Join NexChange - the professional
network for the financial services
industry - and receive a free one-
year subscription to Forbes
The geek's glossary: A guide to fintech jargon for 2016
For the uninitiated, getting to grasps with the terminology surrounding the financial services and technology sectors can be challenging at the best of times. It’s no wonder then that the combination of the two has given rise to a whole new lexicon for us to get our heads around.
Here is a guide to some of the fintech buzzwords that will likely be in use this year:
API stands for application programming interface. It is a set of requirements that dictate how two pieces of software talk to each other. It is basically what allows you to move data between applications.
A relatively new term for 2016, coined by William Mougayar of Virtual Capital Ventures in early 2015. It means Blockchain-as-a-Service. Equivalent terms include Ethereum Blockchain-as-a-Service (EthBaaS), or “Blockchain-as-a-Platform” (BaaP). It refers to the growing landscape of services based around blockchain technology. The best example of this we have so far is Microsoft launching its own EthBaaS on the Microsoft Azure cloud platform this year. This platform will allow companies to begin working with blockchain technology without having to first make significant investments in hardware.
Bitcoin is a decentralised digital cryptocurrency that was invented by the pseudonymous Satoshi Nakamoto in 2008. In the past few years, Bitcoin has evolved from being a murky money of the digital underworld to an increasingly mainstream digital currency.
Blockchain is the technology that underpins Bitcoin transactions. The most simple explanation is a decentralized digital ledger which records all digital transactions as a string of data stored on a global network of computers. Every time a new batch of transactions is encrypted by the network, it is added to the string (or chain) as a “block.”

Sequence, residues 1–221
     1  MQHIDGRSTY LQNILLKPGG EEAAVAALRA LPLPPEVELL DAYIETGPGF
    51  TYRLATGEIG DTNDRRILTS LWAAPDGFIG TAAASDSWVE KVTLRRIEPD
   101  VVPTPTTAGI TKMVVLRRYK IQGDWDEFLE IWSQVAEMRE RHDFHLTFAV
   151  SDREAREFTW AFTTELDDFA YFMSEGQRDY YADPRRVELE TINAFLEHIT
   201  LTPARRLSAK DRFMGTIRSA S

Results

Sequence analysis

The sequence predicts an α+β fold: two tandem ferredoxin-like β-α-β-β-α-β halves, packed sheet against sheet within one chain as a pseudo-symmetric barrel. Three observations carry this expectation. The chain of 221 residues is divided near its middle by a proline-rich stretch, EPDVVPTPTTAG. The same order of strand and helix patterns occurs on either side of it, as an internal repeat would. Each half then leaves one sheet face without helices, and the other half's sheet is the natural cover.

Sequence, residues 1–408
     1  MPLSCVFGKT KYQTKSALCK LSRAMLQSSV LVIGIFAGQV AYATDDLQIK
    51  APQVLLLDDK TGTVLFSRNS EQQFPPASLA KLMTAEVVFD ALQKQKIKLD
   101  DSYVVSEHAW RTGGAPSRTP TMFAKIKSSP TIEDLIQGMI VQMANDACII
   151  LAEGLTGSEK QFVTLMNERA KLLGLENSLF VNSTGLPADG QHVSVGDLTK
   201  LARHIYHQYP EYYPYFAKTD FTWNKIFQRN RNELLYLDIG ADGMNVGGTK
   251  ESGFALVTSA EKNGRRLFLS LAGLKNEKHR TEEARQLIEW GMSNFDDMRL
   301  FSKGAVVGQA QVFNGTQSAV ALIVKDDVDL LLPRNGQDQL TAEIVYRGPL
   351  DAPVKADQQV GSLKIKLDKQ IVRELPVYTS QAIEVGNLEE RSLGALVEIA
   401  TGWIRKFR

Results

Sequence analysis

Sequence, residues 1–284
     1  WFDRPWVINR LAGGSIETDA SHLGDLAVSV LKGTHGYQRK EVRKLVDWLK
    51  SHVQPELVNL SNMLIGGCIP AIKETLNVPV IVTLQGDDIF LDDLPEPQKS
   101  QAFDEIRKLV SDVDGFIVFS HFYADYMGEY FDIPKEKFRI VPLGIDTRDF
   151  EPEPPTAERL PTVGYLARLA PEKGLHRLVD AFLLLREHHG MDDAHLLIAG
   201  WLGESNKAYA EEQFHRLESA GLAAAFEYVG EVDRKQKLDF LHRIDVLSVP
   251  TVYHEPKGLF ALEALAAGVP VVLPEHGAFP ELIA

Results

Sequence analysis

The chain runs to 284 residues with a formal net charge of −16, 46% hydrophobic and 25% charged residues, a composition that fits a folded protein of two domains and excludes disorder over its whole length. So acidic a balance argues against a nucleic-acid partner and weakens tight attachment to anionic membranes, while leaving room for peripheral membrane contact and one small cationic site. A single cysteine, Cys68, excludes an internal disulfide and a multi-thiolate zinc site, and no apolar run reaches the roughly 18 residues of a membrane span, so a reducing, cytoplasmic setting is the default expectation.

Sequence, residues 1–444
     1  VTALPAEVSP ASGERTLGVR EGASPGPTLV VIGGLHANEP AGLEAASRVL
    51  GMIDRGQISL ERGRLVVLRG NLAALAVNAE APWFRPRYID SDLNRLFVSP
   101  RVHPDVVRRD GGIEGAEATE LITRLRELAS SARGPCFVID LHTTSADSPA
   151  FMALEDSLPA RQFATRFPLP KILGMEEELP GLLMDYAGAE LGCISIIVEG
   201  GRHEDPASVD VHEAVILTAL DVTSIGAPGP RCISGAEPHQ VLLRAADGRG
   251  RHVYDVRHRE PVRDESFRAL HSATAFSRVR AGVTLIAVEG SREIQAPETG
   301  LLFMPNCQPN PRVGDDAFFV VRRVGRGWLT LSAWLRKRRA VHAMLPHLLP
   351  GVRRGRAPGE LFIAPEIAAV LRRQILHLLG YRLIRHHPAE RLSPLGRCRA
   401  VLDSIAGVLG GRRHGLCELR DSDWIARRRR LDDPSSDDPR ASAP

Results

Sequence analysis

There are two types of crowdfunding: rewards-based crowdfunding and equity-based crowdfunding. The first relates to platforms like Kickstarter or Indiegogo, where startups raise pledges and in return offer buy-in incentives for anything they produce. Equity crowdfunding is a more recent phenomenon where pledgers are actually investors that receive a small share in the business in return for their contributions.
A cryptocurrency is a digital currency in which uses encryption to secure transactions and control the creation of new units. Cryptocurrencies typically operate independently of any central bank. Bitcoin and Ether are the most notable examples of this.
A digital native refers to a person who has grown up with the availability, and use of, digital technology. This group includes millennials, or post-millennials AKA Generation Z.
This refers to any electronic device or application that allows an individual to make electronic transactions. This can be either using cryptocurrency or real money which is often pre-loaded onto a digital account.
This is a term that has emerged in the area of cyber security and means Disaster Recovery-as-a-Service. It refers to the hosting of physical or virtual servers by a third party as a security measure to protect a business’ infrastructure in case of a cyber attack, natural disaster, or man-made catastrophe.
Ethereum is a blockchain-based cryptocurrency platform that runs Smart contracts. Its was originally authored by Vitalik Buterin and Gavin Wood.
The currency unit of Ethereum. It is used to pay for computational services on the Ethereum network.
Internet of Things
Internet of Things (IoT) refers to the development of everyday internet-connected objects that have the ability to record, receive, and send data. This covers internet-connected cars, light bulbs, fridges, clothes, pedometers, and everything in between.
P2P means peer-to-peer, or person-to-person, and refers to anything that is decentralized and direct. P2P lending is loaning money to individuals without the systems and processes typically put in place by traditional financial institutions. Instead, the transactions are often handled by digital platforms that use an algorithm to manage transactions between parties.
Smart contracts are computer protocols that facilitate, verify, or enforce a digital contract. The idea is that these programs will eventually be used to replace lawyers and banks when handling common legal and financial transactions.
The means Software-as-a-Service. It is a software distribution model used my many fintech software startups. It basically means applications that are hosted by the vendor on the cloud and can be accessed by the users online for a subscription fee, as opposed to users buying the software outright in a hard format like a CD.
Can you think of anything that we have missed out?
Photo: Caleb Roenigk